So, now, we’ve got to back it up and say, Am I loving people like that, or do I just love them when it’s convenient? Is my attitude in the body, “What do they have for me? Are you meeting my needs? I’d like a little bit more of this. Do you think you could start earlier, or start later, or whatever?” Did you notice the next line, in verse 16? “And we ought to lay down our lives for our brothers.”
Now, you think about this condition. See, the people that are seeing God do graphic, supernatural works of power in their lives are people that are radically loving their brothers and sisters in Christ, who are expending and giving their lives, their hearts, their time, their emotions, and their finances to meet the needs of other people. That’s who qualifies for this promise.
In fact, in verse 17, he gives us the first illustration. He says, “If that’s too vague, I’ll picture it for you.” Look at verse 17: “If anyone has material possessions and sees his brother in need but has no pity on him, how can the love of God be in him?”
The apostle John, you can almost see him scratching his head. “You say that you belong to God, and that you are desperate. And God forgave you, and gave all that He had for you, and now you’re forgiven, and you’re a part of His family.
And here you are, a part of His family, and other people who are part of His family have these needs over here, and you’ve got this time, and these spiritual gifts, and these money resources. And you know they have needs, and you don’t share what you have with them?” And John goes, “Huh. How can God’s love be in you?”
See, the reason Jesus talked more about money, in the New Testament, than heaven and hell combined, is because the fact of the matter is, money will tell you: who is your god? And when other people have needs, and I can’t give of my time, or my emotional energy, or if I can’t give of my finances, off the top, to love other people, then the love of God isn’t operating in my life. I’m saying, “It’s my time. It’s my money.”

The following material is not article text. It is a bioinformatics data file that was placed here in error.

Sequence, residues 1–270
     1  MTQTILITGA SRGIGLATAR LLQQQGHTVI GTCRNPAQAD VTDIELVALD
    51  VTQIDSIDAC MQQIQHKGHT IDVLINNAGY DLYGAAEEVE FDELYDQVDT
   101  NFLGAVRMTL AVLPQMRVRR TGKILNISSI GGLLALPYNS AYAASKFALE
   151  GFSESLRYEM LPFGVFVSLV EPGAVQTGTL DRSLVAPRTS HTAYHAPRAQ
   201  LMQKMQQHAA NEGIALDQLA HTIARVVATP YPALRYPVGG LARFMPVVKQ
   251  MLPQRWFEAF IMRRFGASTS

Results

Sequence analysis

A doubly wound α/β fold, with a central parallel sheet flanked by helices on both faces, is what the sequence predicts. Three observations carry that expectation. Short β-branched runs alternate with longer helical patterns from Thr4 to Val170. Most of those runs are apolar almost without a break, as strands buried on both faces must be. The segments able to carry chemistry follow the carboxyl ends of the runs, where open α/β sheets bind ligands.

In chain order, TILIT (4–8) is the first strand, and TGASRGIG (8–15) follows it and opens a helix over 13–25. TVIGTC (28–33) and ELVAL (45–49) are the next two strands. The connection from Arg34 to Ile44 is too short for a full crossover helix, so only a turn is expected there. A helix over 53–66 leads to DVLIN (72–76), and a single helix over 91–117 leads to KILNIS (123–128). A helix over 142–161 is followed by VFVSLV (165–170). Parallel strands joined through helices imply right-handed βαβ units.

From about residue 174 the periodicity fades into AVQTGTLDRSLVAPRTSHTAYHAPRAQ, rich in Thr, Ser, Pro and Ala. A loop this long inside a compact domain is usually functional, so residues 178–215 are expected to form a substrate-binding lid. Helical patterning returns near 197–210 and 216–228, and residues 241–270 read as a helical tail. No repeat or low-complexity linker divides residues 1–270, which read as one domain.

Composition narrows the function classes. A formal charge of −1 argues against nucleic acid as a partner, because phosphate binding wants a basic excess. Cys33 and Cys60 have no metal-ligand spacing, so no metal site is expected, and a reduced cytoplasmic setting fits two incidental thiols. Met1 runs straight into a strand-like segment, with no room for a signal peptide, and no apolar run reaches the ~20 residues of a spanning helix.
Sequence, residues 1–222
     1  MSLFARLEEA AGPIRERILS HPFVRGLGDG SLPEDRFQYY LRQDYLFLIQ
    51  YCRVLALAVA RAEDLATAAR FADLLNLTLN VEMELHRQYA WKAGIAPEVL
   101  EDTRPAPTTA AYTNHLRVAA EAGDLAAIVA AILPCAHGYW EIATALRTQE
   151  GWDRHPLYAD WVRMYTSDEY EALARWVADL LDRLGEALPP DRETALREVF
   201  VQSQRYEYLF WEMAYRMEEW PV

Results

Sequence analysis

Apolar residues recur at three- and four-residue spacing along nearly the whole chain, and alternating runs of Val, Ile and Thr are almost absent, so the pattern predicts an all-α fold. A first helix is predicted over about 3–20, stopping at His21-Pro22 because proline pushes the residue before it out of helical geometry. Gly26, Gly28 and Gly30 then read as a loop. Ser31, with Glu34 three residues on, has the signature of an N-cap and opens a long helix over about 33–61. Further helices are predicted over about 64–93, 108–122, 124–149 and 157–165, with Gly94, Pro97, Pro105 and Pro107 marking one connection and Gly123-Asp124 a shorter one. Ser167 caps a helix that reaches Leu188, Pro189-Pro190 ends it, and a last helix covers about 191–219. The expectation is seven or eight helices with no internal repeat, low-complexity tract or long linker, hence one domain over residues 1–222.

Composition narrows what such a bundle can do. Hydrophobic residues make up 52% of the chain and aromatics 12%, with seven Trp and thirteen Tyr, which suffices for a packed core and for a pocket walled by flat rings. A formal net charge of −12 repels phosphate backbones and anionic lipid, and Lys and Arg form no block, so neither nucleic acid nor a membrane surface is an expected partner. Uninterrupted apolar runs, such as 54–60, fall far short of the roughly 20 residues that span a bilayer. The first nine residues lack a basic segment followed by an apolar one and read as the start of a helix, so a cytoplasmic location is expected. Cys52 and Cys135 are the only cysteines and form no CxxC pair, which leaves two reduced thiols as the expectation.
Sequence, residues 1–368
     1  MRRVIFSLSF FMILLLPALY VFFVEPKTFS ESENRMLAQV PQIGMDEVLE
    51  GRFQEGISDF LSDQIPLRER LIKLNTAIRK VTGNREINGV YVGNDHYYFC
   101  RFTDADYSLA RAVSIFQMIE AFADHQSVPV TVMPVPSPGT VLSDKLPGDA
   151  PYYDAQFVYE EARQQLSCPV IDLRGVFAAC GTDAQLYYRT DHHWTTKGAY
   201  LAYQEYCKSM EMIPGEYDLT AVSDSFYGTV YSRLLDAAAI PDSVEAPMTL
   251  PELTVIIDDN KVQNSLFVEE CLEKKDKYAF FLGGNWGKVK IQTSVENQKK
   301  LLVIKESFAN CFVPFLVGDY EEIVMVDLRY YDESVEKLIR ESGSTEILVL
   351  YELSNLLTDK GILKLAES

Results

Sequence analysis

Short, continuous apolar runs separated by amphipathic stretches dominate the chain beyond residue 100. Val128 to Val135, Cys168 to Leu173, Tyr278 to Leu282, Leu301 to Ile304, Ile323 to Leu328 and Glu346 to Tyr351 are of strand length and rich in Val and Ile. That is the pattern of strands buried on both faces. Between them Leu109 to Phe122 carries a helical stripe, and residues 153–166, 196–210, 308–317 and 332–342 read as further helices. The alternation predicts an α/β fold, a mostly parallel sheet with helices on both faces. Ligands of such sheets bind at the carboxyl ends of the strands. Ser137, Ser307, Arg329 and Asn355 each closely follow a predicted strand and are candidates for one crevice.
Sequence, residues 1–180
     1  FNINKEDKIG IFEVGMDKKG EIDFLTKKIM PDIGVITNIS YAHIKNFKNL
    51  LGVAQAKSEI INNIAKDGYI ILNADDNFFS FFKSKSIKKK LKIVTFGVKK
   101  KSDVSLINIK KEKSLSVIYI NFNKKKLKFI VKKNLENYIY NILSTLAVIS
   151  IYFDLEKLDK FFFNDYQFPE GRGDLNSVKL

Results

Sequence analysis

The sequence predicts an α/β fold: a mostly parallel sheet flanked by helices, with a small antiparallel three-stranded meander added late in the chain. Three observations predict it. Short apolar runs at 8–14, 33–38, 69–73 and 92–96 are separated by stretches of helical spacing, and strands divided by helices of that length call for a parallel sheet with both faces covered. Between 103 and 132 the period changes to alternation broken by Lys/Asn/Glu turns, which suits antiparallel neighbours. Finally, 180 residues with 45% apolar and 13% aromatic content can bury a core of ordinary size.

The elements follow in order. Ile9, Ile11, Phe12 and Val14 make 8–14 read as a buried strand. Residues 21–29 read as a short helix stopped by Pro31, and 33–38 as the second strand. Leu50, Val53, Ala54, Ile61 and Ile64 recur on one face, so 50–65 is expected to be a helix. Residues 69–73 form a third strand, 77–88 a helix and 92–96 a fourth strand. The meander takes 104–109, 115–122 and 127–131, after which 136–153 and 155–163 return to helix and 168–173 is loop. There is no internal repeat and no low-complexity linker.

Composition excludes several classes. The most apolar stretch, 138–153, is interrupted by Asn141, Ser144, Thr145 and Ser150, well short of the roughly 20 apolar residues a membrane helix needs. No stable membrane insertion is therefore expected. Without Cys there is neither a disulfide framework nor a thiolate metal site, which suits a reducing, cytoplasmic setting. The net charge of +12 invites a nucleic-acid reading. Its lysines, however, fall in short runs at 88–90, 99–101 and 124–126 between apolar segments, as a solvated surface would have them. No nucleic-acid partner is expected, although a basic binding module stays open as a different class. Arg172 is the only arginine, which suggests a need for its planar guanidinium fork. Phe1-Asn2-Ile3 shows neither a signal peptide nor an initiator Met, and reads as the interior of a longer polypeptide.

Who gave you the job? God did. Who gave you the health? God did. Who gave you the family? God did. Who gave you the home? God did. And then, we tell them, “But I can’t afford to give any of it back to you!” You can’t afford not to.
Because when we are not radically loving and giving, not just of our money, but of our energy, our time, then we’re not loving other people. And if you’re not loving other people, you’re not keeping His command. And if you’re not keeping His command, this promise does not apply to you. God will not hear your prayer. That’s a condition.
It’s like saying, “Oh, God, oh, God, I need a loan! I need a loan! I need a loan! I need a loan!” And He says, “Fine, have you filled out the paperwork?” And you say, “I don’t do paperwork.” He says, “Fine.”
When you do the paperwork, then you qualify to be a recipient of the eternal God of the universe, who wants to give you more than you ever dreamed, who wants to do stuff in your family, who wants to do stuff at work, who wants to do things in relationships – it would take a miracle! God has miracles.